NOTE: THIS POST HAS A LOT OF INFORMATION ABOUT WHEN, WHERE AND HOW YOU CAN LEGALLY CARRY A GUN IN GEORGIA. DO NOT RELY ON A BLOG POST FOR LEGAL ADVICE. IF YOU HAVE ANY QUESTION ABOUT WHETHER YOU CAN CARRY A FIREARM IN PARTICULAR CIRCUMSTANCES, YOU NEED TO CONSULT WITH AN ATTORNEY ABOUT YOUR PARTICULAR FACTS.
While Governor Deal ponders the new campus carry law, I’m going to respond to a question a friend of mine had a couple of weeks back about when, where and how he could carry a new gun he got for Christmas. He’s planning to get a concealed carry permit and wanted to know what that entailed.
I told him he needed to get some basic training first. Everybody who's watched cops and robbers on TV thinks he knows how to use a gun. It’s just point and pull the trigger, right?
This particular friend has plenty of sense and knew to get somebody to introduce him to the firearm, show him the safety, review the different types of amunition he could use, and so forth. He’s taken it out to a firing range and shot it several times to make sure he actually knows the gun. And like so many people here in the deep south, he’s been around guns all his life. It may not be the case in every household, but if you have guns and children in the same house, you should educate them constantly and thoroughly on gun safety and responsibility.
When you have kids in the house, “cops and robbers” takes on a whole new significance. There was no such thing as a “toy gun” in my house.
Many times growing up, my boys heard me say, “I don’t care if its made of green plastic and it has an orange cap on the end of it. It’s a gun and you don’t point it at people.”
It's important to educate your kids thoroughly about guns, because the gun laws have no requirement for training. You don’t have to prove anything to get a carry license. The Probate Court is required to issue you a weapons permit unless one of several exceptions applies to you.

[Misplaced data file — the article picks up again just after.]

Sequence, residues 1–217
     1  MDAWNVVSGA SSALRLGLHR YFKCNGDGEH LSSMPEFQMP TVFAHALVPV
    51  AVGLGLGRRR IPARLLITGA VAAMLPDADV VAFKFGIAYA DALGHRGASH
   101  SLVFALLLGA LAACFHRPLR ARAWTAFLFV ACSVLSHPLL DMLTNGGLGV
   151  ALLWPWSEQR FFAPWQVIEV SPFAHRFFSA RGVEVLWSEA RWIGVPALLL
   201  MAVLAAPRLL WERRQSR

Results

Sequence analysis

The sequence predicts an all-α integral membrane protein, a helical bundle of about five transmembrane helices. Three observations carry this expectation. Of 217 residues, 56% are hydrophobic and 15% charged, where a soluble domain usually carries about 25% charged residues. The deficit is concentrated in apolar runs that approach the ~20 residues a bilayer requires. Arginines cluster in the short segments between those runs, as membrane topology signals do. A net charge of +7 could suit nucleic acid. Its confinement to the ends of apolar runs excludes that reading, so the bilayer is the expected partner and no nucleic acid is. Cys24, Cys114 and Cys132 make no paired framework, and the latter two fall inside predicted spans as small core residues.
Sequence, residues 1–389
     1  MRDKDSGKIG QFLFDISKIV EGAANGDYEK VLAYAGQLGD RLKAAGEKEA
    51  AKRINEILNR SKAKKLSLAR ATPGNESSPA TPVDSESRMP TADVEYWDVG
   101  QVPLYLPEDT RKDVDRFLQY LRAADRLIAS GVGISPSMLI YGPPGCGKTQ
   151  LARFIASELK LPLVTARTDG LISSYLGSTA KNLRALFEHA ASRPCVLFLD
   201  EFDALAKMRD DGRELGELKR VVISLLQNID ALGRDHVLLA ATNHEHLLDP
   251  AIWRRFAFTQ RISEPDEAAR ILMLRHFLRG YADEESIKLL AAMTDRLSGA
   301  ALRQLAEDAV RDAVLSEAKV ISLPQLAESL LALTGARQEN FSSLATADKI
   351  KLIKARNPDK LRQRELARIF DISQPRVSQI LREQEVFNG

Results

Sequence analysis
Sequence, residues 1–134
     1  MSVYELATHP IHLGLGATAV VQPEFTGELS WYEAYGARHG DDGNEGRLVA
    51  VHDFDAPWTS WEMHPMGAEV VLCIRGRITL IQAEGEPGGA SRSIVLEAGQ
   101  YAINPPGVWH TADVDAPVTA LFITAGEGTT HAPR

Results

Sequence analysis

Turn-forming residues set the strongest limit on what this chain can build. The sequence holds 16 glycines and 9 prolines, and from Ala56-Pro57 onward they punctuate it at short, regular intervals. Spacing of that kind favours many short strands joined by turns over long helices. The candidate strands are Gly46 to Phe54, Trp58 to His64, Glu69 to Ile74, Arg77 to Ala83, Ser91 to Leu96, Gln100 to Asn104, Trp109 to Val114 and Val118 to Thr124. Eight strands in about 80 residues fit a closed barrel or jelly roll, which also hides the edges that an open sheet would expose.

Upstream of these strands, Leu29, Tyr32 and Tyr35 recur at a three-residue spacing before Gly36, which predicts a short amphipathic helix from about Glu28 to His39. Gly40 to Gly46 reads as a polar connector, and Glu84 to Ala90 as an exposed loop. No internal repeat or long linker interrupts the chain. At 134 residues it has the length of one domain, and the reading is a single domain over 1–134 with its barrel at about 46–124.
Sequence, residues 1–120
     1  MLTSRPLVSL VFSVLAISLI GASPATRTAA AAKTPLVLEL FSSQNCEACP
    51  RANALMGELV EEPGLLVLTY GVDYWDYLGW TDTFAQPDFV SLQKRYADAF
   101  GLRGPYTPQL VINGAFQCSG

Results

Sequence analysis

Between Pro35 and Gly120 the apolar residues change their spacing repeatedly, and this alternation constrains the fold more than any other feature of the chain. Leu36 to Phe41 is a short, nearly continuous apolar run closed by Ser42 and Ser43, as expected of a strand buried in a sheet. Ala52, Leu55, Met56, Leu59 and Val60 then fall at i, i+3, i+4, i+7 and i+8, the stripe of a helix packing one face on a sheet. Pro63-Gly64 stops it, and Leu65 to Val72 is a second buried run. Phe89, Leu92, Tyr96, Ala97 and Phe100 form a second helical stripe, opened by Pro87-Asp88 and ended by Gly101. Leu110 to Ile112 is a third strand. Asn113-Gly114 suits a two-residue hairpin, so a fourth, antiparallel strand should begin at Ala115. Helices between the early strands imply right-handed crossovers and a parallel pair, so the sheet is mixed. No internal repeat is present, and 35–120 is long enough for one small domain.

The exceptions include (but are not limited to)
- you're under the age of 21 unless you’re over 18 and have completed armed forces basic training,
- you were dishonorably discharged from the armed forces,
- you are a convicted felon or you're under a felony indictment,
- you were convicted of crimes involving illegal drug manufacture or use,
- you were convicted of a crime involving domestic violence, even if it was a misdemeanor, or you're under a domestic violence restraining order, and
- you were hosptialized in mental institution or a drug and alcohol treatment program within the five years preceding the date of your application.
There are nuances and there are other factors that can prevent you from getting a concealed carry permit. But the exceptions are supposed to screen-out people society doesn't want armed in public.
For most people, you don’t have to prove you know anything about your gun or about basic gun safety and responsibility. You’re on your honor, and in most cases, you and your family are the ones who are going to pay the price if you don’t know what you’re doing. If you're a law-abiding citizen, then as a general rule, you can get a concealed carry permit in the State of Georgia.
So, when, where and how does your concealed carry permit allow you to carry your firearm?
In Georgia, so long as you're not a convicted felon or otherwise prohibited from having a gun, you don’t have to have a license or permit to carry a weapon on your own property or on the property of someone who’s given you permission to have it with you. Your hunting license suffices as a weapons carry license when you're hunting, and if you're not prohibited from having a gun, then you can have it with you when you're in your own vehicle. If you are otherwise eligible to get a weapons carry license, you can have it in someone else's vehicle as long as they've given you permission.
In other words, if you went through detox less than five years ago, you probably wouldn't be able to get a carry license, but you can have your gun with you in your car unless you're also a convicted felon, or unless there is some other fact about you that altogether prohibits you from having a gun. If, however, you went through detox five years ago, you cannot have a loaded gun with you in somebody else's car, even if they give you permission to have the gun.